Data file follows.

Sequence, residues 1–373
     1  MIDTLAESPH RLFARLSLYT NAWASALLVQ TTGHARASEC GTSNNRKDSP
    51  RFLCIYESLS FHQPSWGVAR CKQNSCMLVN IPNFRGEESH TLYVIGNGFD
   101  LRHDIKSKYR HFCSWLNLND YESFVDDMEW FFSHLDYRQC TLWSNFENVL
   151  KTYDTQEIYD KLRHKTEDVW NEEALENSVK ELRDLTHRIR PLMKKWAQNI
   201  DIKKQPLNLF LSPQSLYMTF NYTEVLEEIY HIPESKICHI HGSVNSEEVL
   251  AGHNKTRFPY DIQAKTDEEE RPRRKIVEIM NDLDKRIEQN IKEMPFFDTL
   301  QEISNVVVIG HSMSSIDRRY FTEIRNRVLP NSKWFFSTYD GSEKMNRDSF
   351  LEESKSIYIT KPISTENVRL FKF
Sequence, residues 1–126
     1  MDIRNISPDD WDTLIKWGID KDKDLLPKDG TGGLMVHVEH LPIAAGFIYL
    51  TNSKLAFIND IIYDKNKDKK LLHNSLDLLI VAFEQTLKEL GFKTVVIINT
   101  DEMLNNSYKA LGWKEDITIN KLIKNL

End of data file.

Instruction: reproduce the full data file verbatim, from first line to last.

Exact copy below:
Sequence, residues 1–373
     1  MIDTLAESPH RLFARLSLYT NAWASALLVQ TTGHARASEC GTSNNRKDSP
    51  RFLCIYESLS FHQPSWGVAR CKQNSCMLVN IPNFRGEESH TLYVIGNGFD
   101  LRHDIKSKYR HFCSWLNLND YESFVDDMEW FFSHLDYRQC TLWSNFENVL
   151  KTYDTQEIYD KLRHKTEDVW NEEALENSVK ELRDLTHRIR PLMKKWAQNI
   201  DIKKQPLNLF LSPQSLYMTF NYTEVLEEIY HIPESKICHI HGSVNSEEVL
   251  AGHNKTRFPY DIQAKTDEEE RPRRKIVEIM NDLDKRIEQN IKEMPFFDTL
   301  QEISNVVVIG HSMSSIDRRY FTEIRNRVLP NSKWFFSTYD GSEKMNRDSF
   351  LEESKSIYIT KPISTENVRL FKF
Sequence, residues 1–126
     1  MDIRNISPDD WDTLIKWGID KDKDLLPKDG TGGLMVHVEH LPIAAGFIYL
    51  TNSKLAFIND IIYDKNKDKK LLHNSLDLLI VAFEQTLKEL GFKTVVIINT
   101  DEMLNNSYKA LGWKEDITIN KLIKNL